You are welcome to use the code I wrote, but that was not what I intended! It is a classic static design, not responsive. However, if it helped I'm glad.
I don't think the OP understands what "responsive design" is or just mis-used the term. A lot of people now seem to be throwing the term "responsive" at flashy stuff like scripted animated garbage, and NOT what it actually means: media query based layout re-arrangement. I don't know where they get that idea, but there it is. Great, is "responsive" being turned into another garbage buzzword like HTML 5 is or "Web 2.0" was, being thrown around by people who don't actually know what they are? You bet your sweet bippy!
Really this is all something I'd NEVER suggest doing on a page in the first place just because it's an accessibility mess and would result in making it harder to make it responsive later on. It's also busted on large fonts since the little 'edge' dropdowns are misplaced thanks to pixel stupidity.
Much less all the nonsense you should never do on a layout like fixing the height of massive areas... and of course I'd swing an axe at the silly HTML 5 "nav" nonsense since that should be redundant to numbered headings on the page.
I made this as an example of how I'd approach that without the annoying bloated scripted "sticky header" garbage (can you tell I'm a fan?)
There are two versions. The one in the root uses clean markup with modern selectors, and tries to gracefully degrade in legacy IE so that while it's not pretty, visitors can at least use it.
The second version here:
Pisses all over the markup with empty span and classes, but should work properly all the way back to IE 5.2 Mac and IE 5.5 windows. Most of the fancy selectors and psuedo like first-child, last-child, and generated content do not exist the further back you go -- :first-child and :last-child for example don't exist in IE8, and generated content (:before, :after) don't work right in IE7 and don't exist in IE6.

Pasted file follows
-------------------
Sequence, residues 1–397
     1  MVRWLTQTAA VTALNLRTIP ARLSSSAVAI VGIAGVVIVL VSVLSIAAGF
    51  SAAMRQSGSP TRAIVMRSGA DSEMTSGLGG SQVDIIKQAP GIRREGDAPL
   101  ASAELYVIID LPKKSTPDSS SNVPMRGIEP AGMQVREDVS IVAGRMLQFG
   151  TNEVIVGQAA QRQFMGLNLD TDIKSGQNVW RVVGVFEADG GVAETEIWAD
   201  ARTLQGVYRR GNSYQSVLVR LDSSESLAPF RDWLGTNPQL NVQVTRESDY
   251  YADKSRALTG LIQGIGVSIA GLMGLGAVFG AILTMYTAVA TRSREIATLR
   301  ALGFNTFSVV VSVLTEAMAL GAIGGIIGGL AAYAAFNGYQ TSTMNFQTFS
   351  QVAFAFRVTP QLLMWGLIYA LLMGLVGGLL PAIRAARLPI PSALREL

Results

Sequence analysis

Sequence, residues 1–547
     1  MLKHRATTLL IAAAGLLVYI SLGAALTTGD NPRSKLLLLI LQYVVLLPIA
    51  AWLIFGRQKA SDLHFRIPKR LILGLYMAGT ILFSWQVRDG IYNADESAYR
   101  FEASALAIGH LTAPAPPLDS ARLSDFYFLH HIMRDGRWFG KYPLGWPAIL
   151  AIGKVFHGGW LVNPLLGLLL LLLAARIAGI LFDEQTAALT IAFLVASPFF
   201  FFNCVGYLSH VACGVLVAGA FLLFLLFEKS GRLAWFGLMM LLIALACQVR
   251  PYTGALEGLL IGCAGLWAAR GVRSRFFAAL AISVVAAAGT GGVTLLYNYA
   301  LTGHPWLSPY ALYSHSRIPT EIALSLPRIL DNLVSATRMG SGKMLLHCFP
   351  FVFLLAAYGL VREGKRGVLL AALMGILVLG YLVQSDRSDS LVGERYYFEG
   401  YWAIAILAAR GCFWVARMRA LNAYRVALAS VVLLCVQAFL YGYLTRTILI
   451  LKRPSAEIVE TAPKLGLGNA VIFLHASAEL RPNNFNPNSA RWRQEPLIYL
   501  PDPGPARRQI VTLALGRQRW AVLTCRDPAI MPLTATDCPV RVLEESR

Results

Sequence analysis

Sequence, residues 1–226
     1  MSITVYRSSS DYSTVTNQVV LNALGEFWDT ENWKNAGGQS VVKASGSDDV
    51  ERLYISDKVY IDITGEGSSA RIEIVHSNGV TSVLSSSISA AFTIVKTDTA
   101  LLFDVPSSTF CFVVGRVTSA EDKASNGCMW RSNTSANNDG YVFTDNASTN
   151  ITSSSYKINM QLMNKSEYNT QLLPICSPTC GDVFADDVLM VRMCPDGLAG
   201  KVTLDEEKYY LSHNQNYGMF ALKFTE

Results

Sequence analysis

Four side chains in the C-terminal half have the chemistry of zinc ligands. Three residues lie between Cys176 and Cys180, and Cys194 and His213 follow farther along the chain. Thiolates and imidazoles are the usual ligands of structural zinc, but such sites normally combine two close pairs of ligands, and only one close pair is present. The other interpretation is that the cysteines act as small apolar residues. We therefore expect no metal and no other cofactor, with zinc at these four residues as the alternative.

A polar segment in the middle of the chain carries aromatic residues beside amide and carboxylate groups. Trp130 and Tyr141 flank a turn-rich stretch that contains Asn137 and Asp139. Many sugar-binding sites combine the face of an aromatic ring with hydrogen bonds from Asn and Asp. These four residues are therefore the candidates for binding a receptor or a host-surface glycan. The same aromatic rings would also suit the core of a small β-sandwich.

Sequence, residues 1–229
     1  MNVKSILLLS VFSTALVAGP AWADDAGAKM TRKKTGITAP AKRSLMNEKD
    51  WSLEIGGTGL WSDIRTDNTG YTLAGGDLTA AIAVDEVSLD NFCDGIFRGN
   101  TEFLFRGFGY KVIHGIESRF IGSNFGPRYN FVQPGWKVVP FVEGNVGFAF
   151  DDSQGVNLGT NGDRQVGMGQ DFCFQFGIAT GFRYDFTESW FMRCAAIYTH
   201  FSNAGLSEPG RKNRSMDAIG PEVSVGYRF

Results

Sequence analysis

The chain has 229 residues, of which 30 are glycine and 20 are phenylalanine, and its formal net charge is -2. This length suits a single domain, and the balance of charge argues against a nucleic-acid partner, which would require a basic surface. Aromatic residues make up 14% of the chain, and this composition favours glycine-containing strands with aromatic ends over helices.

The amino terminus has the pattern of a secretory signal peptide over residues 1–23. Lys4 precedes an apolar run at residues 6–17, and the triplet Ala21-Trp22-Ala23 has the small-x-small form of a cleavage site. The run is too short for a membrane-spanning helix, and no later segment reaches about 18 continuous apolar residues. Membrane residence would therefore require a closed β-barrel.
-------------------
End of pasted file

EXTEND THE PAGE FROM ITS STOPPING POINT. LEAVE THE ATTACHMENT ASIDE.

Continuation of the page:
Figured I'd give you both ways of doing it. The cute trick here is that it's dynamic, so you can change the font size until blue in the face and it will still work. Likewise I added ACTUAL responsive layout to it, stripping off the fancy styling when the screen is too narrow.
It uses one really cute 'trick' involving position:relative. You see if you have a relative positioned element and move it with top/left/right/bottom, it remains where it is in 'flow' -- aka the parent and any other elements on the page running into it treat it as if it was NOT moved. ALL you are doing in that case is changing where it and it's children are drawn. So by moving it up relative we don't need to play with making that extra section of backgrounds. The parent DIV draws the dark bar, the UL erases it with white -- then all we have to do is slide the child anchors up out of their normal drawing position and the white UL bar stays where it is. I then APO the border-generated corners in the appropriate elements. A negative margin on the first and last elements makes them 'flow out of' their parent as their 'flow size' ends up smaller than the 'render size' on that side.
There are a LOT of selector hacks in there as much of this just isn't meant to 'work' in older browsers, or even modern ones for that matter. I use the negative word and letter-spacing trick for legacy IE elements to flow together, but use display:table-cell so modern browsers (specifically webkit ones that screw up or ignore word/letter spacing) ignore whitespace between them too. The ":root" 'hack' is a cute one as it's not really a hack per say -- all modern browsers and IE9/newer know :root as the top of the document, but IE8/earlier do not. Great way to to target anything prior to IE9. I also resorted to the !ie hack for IE7/lower which I hate doing, but really doing this in a dynamic manner means those browsers need different rules for handling it.
But for all the 'hacks' the first one should work great in all modern browsers and degrade gracefully (though looking like crap) in IE8/lower. The one in the subdirectory should work all the way back to many versions of IE 5.x which is... kind of a surprise.
Though the responsive layout/media query of course won't work in IE8/lower -- but I usually shove a min-width at IE7 and 8 and fixed width at IE6, so that would be a non-issue in a real layout.
Again, I wouldn't do the scripted "sticky header" garbage; there's nothing worse on smaller displays (or sometimes even larger ones depending on the content) than having screen real-estate chewed up by some stupid menu/header that could be better used to SHOW CONTENT. Like people are too stupid or lazy to hit "home" on the keyboard? It's a waste of bandwidth, waste of time, and no matter how 'pretty' it is it makes sites harder to use, not easier. It's a poster child for what I often refer to as "JS for nothing", and also an example of what I mean by jQuery that "has no business on a website in the first place".
In any case, hope this helps.